Tuttle Photo

Title: SCULPTURED LIFE MASKS

Collection Number: 0051

Span Dates: 1935 – 1975

Creator: William Tuttle

Extent: 27 Boxes

Links: William Tuttle Box List

Subject(s): William Tuttle , Makeup Artists , Prosthetics , Movie Monsters , Plaster Masks , Wax Heads , Rubber Masks , MGM , Metro-Goldwyn-Mayer

 

Notes: William “Bill” Tuttle was the head of MGM’s makeup department from 1950 into the 1970s. During his career, Tuttle revolutionized beauty and makeup techniques, developing some of the most realistic and comfortable prosthetics used in Hollywood. Having worked on over 300 films, Tuttle is recognized as an expert and pioneer in his field. In 1965 Tuttle received an honorary Academy Award for his work on “7 Faces of Dr. Lao.” Tuttle was the first makeup artist to receive an Academy award, the official Oscar for Best Makeup and Hairstyling wasn’t given out until 1981.
Tuttle began his career as an apprentice to Jack Dawn, head of makeup at 20th Century Pictures.

In 1936 he became a regular staff member at MGM and remained with the studio for 35 years. During this time, Tuttle worked with hundreds of Hollywood stars, including Gene Kelly (in “Singin’ in the Rain”) and Katharine Hepburn (in “Pat and Mike”). Tuttle also became an expert at aging actors: turning 18-year-old Sophia Loren into an 80-year-old woman for “Lady L,” and creating movie monsters: transforming Peter Boyle into Frankenstein’s monster for “Young Frankenstein.”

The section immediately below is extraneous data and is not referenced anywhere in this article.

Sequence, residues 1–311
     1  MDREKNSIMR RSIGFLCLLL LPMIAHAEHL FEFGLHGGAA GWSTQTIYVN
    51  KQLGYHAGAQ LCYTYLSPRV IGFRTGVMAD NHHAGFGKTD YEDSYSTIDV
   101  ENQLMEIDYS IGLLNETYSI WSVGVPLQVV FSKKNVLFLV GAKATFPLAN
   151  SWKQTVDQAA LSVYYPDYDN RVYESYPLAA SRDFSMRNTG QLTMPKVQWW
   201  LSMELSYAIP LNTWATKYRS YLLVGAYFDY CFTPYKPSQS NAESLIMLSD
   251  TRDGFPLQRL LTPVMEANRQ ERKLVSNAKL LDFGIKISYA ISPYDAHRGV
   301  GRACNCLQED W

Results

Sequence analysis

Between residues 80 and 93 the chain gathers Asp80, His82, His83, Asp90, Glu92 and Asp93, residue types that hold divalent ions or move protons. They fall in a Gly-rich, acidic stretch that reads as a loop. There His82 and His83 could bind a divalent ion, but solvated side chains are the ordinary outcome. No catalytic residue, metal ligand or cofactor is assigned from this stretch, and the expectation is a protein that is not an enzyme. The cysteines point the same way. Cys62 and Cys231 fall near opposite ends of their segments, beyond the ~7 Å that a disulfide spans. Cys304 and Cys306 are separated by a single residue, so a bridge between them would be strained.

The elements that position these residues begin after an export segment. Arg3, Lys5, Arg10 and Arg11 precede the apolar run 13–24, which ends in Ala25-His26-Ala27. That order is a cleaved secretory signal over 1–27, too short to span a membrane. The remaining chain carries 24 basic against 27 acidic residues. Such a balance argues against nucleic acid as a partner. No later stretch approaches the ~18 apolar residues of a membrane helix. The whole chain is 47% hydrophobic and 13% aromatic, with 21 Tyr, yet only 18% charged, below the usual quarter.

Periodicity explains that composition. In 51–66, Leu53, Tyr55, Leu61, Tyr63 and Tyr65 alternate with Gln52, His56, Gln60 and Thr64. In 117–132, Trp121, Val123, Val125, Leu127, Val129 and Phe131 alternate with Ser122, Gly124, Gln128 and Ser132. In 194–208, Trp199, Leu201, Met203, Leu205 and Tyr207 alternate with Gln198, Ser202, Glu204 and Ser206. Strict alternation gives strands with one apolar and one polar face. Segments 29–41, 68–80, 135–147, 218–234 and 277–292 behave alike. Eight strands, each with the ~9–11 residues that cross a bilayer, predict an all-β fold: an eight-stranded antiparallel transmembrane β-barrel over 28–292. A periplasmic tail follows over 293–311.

From 1970 to 1995, Tuttle lectured at USC. He also donated his collection of over 100 plaster “life masks” to the university. The masks are exact replicas of actors’ faces (and in one case, Cyd Charisse’s legs), invented by Tuttle so that prosthetics could be fitted even when the actors weren’t present on set. The William Tuttle Collection also includes wax heads, rubber masks, and a display case with 5 heads from “7 Faces of Dr. Lao.”

Citation: Willian Tuttle Collection, Hugh M. Hefner Moving Image Archive, University of Southern California School of Cinematic Arts.

Location: USC Hefner Archive

Access: Available by appointment.

 

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